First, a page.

The elements that will be reviewed include: high school transcript, test scores (see what test optional really means below), 750-word personal statement, mandatory supplemental short answer questions, expanded resume and letters of recommendation (see UT Admission Checklist). In addition to class rank (which UT really cares about), test scores, and a challenging curriculum, UT also considers whether you've given back to the community (and how much is on your own vs. how much is part of a school activity), along with what honors and awards you've earned. Keep in mind that the Priority Deadline for Submission is Nov. 1st, but there’s no need to wait until then to submit. Apply early! Submit your application after it goes live but sooner than November 1st to maximize your chances. That means, you should start working on all parts of the application as a rising senior over summer.

Test Optional?

COVID-19 continues to throw game changers in the high stake’s world of college admissions. But what does test optional REALLY mean at UT? Prospective college students are not disadvantaged for admissions, scholarships, or honor(s) programs if they do not submit them. Disclaimer: This is not necessarily the case at other universities. However, when should you retake these tests or submit your score?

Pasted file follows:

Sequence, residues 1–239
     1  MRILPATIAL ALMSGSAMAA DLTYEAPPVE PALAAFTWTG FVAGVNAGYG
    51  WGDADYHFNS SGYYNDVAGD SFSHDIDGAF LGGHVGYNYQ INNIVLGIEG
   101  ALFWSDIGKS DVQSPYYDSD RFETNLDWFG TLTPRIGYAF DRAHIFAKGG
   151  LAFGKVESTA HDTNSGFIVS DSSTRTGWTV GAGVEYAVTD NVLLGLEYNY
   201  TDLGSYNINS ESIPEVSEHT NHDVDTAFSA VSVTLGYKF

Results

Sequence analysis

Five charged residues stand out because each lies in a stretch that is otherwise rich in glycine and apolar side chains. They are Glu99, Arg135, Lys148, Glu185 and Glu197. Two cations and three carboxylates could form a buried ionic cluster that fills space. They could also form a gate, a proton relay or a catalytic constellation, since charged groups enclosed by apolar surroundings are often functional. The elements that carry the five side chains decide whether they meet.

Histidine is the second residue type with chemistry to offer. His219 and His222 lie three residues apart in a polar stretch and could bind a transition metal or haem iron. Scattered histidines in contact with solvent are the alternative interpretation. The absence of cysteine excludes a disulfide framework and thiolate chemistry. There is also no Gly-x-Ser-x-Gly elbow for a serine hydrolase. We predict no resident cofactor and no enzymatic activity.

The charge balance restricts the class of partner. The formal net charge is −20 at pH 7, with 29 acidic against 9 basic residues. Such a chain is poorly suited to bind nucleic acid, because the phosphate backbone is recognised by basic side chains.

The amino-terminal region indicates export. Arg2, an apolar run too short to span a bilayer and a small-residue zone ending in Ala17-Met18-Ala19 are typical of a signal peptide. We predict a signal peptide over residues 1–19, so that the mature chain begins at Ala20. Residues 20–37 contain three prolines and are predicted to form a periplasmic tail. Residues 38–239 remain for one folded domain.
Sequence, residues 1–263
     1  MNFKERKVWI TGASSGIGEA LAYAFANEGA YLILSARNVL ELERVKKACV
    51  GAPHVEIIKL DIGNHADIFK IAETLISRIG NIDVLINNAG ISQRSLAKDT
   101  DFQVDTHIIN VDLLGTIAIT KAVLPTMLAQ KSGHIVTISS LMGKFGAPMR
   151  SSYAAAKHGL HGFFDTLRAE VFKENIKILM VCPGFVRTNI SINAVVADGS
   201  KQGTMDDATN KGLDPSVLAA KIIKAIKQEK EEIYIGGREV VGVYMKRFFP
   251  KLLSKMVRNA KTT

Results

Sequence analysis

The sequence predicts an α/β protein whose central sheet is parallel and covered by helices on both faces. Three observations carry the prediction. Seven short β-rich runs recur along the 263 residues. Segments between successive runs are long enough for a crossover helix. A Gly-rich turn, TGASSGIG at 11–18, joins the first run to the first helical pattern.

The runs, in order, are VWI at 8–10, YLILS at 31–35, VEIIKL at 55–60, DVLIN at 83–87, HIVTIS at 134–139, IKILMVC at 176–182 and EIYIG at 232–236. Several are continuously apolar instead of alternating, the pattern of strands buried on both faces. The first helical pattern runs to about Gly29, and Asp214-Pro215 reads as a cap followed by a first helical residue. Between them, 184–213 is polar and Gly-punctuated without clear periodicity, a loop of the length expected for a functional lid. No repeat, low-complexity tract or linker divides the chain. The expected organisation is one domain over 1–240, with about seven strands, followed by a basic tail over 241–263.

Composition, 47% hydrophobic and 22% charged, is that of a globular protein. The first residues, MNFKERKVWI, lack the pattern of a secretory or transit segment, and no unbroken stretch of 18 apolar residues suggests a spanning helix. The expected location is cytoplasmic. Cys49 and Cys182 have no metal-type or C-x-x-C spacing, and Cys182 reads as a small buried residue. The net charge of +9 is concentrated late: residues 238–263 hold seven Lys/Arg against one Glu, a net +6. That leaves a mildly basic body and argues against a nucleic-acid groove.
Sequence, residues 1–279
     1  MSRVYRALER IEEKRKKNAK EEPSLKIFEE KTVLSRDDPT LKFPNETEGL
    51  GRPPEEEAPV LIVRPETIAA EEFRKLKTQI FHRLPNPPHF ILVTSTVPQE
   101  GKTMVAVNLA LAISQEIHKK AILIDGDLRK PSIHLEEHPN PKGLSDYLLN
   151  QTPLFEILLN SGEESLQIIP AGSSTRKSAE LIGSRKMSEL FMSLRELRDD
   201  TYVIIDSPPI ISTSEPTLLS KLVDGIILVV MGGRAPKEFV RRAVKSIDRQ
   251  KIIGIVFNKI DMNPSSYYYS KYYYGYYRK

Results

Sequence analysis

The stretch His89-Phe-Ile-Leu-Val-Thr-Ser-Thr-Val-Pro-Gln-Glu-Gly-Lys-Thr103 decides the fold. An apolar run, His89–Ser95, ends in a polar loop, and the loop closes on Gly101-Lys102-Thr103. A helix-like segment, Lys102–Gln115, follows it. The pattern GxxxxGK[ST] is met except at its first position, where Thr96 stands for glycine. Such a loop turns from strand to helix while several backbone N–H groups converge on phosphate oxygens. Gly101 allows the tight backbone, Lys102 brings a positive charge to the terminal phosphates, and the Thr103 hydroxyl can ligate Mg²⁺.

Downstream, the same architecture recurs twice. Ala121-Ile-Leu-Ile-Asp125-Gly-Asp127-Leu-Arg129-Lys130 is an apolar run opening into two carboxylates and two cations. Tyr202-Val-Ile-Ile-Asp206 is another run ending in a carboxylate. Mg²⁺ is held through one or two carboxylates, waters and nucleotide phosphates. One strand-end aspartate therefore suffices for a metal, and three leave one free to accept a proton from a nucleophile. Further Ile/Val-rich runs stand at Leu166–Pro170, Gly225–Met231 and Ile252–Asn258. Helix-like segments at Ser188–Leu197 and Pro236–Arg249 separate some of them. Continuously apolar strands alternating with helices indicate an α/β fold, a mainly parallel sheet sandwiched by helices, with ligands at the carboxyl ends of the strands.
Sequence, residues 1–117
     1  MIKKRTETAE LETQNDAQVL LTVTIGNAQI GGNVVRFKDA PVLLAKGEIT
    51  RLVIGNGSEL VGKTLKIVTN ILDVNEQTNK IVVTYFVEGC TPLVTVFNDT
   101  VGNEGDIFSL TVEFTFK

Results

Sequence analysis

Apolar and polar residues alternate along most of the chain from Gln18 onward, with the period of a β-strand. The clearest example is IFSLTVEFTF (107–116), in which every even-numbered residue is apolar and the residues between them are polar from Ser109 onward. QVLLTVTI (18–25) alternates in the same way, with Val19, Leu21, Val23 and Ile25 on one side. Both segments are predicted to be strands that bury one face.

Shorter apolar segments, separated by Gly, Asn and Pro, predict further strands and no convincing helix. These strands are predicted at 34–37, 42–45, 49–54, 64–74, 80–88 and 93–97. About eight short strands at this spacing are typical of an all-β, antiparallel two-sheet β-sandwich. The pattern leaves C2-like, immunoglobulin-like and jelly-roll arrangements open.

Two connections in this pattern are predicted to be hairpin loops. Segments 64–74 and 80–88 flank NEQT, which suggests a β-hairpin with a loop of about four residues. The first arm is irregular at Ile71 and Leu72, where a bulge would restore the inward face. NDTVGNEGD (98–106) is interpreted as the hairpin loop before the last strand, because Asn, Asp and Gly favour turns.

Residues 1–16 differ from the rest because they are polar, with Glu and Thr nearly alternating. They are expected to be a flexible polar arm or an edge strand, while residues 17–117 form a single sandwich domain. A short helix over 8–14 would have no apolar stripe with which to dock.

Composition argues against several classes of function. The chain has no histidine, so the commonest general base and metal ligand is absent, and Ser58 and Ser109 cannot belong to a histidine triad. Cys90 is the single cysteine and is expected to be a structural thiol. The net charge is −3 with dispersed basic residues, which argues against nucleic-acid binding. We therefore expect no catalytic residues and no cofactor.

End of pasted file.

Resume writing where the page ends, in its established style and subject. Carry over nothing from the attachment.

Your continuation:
If your SAT is 1350 / ACT 28 then you’re in range of the average student admitted but this may not be the case for the more competitive majors (i.e. business, natural science, etc..). Access College America recommends researching the statistics for your first choice major, understand the range of test scores and only if you’re in the 50% percentile or higher: Submit! If you fall behind these numbers, carefully reconsider submitting your scores.

Many of the students admitted with lower than average test scores will be athletes or flagged applicants from underrepresented regions and demographics. We predict that scores will be lower next year too because access to testing has been hard to find. Statistically speaking, students that take these test two and three times increase their score. Some students will only have a chance to take the test once. It’s also important to note that the university does not favor the SAT or ACT so aim high!

When to Start the Planning Process

Everything you do beginning the summer before your freshman year of high school will be considered in the holistic review of your application. Creating a four-year high school academic plan is key.

Four-year Academic Plan